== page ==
Monday, January 28, 2013

I share, therefore I am: how technology is making us more lonely

"Connected, but alone?" was a TED talk given by Sherry Turkle last February. It's an excellent look at the ways in which we are isolating ourselves in and through technology. We have a desire to connect more with people, but the ways in which we are connecting are actually making us more lonely. Check it out:



And here are some of her quotes:
"We're getting used to a new way of being alone together. People want to be with each other, but also elsewhere, connected to all the different places they want to be. People want to customize their lives."
"We can end up hiding from each other even as we are all connected to each other." 
"Human relationships are rich, and they're messy, and they're demanding, and we clean them up with technology. And when we do, one of the things that we do is that we sacrifice conversation for mere connection." 
"We use conversations with each other to learn how to have conversations with ourselves, so a flight from conversation can really matter because it can compromise our capacity for self-reflection." 
"People get so used to being short-changed out of real conversation, so used to getting by with less, that they become almost willing to dispense with people all together." 
"That feeling that no one is listening to me is very important in our relationships with technology. That's why it's so appealing to have a Facebook page or a Twitter feed: so many automatic listeners. And the feeling that no one is listening to me makes us want to spend time with machines that seem to care about us."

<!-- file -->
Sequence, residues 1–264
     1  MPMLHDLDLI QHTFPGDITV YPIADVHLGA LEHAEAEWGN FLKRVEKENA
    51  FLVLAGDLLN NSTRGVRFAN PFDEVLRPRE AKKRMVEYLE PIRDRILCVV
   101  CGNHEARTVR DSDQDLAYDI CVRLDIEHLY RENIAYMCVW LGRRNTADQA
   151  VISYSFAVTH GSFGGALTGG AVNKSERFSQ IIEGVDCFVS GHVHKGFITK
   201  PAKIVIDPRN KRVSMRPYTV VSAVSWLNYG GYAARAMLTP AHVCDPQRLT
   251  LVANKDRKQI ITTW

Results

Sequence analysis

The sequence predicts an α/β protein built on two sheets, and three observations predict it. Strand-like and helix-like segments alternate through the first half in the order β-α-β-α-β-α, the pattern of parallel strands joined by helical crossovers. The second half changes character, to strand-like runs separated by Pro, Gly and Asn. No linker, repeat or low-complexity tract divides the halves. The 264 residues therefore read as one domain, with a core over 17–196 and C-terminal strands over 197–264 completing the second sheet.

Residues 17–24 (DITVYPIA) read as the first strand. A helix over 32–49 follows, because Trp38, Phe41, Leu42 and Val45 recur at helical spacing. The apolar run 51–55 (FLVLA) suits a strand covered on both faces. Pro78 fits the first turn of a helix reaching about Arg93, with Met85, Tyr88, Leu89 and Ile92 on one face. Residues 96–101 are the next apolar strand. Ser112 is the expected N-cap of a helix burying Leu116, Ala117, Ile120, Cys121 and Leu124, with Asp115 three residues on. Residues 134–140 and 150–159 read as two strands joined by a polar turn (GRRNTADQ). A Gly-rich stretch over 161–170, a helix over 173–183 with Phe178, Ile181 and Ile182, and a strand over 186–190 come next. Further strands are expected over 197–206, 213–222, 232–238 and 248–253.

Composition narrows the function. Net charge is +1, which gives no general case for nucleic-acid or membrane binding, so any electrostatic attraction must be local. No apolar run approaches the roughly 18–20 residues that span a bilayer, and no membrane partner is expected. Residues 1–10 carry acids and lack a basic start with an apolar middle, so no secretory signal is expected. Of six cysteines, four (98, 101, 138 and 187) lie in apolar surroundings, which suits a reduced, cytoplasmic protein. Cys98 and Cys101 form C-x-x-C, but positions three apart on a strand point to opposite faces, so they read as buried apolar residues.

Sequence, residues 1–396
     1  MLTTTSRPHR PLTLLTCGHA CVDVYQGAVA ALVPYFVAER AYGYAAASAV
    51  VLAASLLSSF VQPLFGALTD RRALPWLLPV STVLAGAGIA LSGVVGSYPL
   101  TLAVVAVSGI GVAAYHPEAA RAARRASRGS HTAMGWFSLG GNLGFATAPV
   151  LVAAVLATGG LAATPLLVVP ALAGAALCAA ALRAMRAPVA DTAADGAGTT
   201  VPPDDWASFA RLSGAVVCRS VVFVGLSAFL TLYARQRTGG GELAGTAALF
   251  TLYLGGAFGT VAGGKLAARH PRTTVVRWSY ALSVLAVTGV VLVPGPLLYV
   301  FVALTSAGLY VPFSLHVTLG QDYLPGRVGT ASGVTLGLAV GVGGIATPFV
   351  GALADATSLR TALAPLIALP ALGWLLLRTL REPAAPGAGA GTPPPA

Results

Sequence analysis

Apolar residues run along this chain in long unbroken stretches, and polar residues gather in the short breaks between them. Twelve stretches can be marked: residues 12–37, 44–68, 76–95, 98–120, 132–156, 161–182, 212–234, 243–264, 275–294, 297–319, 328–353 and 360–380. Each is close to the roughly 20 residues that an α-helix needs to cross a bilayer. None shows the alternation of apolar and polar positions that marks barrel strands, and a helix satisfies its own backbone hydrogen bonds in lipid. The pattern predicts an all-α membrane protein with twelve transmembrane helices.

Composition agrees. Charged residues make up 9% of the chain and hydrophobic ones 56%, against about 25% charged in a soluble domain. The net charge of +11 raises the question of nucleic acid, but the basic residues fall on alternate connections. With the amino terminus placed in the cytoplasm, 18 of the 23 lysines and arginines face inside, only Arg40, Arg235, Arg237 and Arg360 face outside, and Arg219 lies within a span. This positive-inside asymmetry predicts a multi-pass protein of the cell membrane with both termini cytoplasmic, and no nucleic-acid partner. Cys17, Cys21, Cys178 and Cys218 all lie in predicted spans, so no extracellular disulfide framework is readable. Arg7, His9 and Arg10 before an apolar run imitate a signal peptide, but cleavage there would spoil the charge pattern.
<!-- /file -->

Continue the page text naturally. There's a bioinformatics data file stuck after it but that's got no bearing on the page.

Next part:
"Technology appeals to us most, where we are most vulnerable. And we are vulnerable. We're lonely, but we're afraid of intimacy." 
"We are designing technologies that will give us the illusion of companionship without the demands of friendship." 
"I share, therefore I am." 
"You end up isolated if you don't cultivate the capacity for solitude. The ability to be separate, to gather yourself. Solitude is where you find yourself and where you can reach out to other people and form real attachments. When we don't have the capacity for solitude, we turn to other people in order to feel less anxious or in order to feel alive. When this happens, we're not able to appreciate who they are, it's as though we are using them as spare parts to support our fragile sense of self. We slip into thinking that always being connected is going to make us feel less alone. But we're at risk, because actually it's the opposite that's true. If we're not able to be alone, we're going to be more lonely."

1 comment:

  1. visiting here with a smile. take care.. have a nice day ~ =)

    Regards,
    http://www.lonelyreload.com (A Growing Teenager Diary) ..

    ReplyDelete